The New Age of Stalking: Technological Implications for Stalking (2010 Juvenile and Family Court Journal article)*
Technology has led to tremendous advancements in our society but has also brought more danger to victims of stalking and given more tools for stalkers to use. New technology has made it more difficult for prosecutors and judges to hold stalkers accountable for their crimes, and without an understanding of how technology is misused by stalkers to track and monitor their victims, many victims don’t get the justice they deserve. This article addresses the tremendous impact of technology on stalking, especially within the context of intimate partner stalking.
Citation: Fraser, C., Olsen, E., Lee, K., Southworth, C. and Tucker, S. (2010, November). The New Age of Stalking: Technological Implications for Stalking, Juvenile and Family Court Journal, 61 (4), 39–55. doi: 10.1111/j.1755-6988.2010.01051.x
There are many benefits to joining a social network: networking with peers, reaching out to potential funders and allies, and raising awareness. However, there are legitimate concerns about safety risks and confidentiality. This one page handout introduces a few important issues
The use and availability of Assistive Technology in programs and agencies is a critical component of ensuring accessible and safe services for victims and survivors. This tip sheet briefly highlights: how different assistive technologies work; how agencies and partnerships are or might use assistive technology; and, several benefits, risks and considerations around safety planning, confidentiality, and informed consent.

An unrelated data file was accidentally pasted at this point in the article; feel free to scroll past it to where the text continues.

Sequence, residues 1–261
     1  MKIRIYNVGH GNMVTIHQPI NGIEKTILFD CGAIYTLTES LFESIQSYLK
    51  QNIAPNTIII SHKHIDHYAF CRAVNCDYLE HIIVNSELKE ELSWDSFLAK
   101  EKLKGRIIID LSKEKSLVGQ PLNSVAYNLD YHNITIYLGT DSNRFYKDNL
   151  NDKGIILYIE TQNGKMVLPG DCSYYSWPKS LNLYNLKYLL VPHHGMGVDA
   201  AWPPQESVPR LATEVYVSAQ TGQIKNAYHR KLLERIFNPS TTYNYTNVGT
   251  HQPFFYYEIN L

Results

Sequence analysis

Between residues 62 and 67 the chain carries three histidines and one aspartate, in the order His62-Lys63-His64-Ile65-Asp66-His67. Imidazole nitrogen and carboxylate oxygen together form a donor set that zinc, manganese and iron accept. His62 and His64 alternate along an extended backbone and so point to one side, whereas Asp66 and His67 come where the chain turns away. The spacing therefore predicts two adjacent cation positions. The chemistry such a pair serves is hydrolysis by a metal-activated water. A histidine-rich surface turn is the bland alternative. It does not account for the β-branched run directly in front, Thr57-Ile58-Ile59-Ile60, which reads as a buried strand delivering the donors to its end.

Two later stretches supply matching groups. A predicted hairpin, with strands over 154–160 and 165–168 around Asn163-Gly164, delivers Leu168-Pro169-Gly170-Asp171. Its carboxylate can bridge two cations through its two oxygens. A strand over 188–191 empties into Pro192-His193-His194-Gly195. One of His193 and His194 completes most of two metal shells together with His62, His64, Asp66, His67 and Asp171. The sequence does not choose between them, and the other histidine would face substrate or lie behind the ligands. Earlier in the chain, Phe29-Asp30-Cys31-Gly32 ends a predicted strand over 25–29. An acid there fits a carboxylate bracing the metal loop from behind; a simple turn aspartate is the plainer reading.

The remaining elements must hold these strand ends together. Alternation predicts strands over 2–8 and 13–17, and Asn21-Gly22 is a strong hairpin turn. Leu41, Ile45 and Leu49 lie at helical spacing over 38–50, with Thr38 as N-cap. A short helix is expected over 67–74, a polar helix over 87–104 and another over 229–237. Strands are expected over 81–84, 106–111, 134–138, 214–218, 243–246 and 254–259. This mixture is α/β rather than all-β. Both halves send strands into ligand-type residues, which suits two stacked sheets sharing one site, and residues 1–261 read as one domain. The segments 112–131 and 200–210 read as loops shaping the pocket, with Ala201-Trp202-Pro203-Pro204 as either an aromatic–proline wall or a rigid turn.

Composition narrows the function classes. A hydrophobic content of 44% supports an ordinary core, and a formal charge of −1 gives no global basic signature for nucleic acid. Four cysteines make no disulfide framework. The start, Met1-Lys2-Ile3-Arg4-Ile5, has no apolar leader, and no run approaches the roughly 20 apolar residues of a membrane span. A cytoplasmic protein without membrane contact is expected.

This piece was created by the NNEDV Safety Net Project to assist U.S. DOJ Office of Violence Against Women (DOJ-OVW) grantees and other agencies and partnerships, with identifying and addressing victim safety and accessibility concerns that can arise from using technology. This technology safety tip sheet is meant to help with issue spotting. It is understood that a more in-depth look at the agency’s or partnership’s technology plans and implementation may be necessary to fully ensure it is most effectively addressing victim safety and accessibility concerns.
People with disabilities and people who are Deaf or hard-of-hearing experience high rates of sexual violence. If our agencies are not accessible, these survivors can face additional barriers to safety and healing. Assistive technology can be a critical component in ensuring that sexual assault programs provide accessible services for all victims of sexual violence. This 3 page article provides five steps sexual assault programs can take to increase safety and accessibility for survivors by using assistive technology.
*Links with an asterisk will take you to the NNEDV version of these handouts. WESNET is progressively adapting these handouts to the Australian context.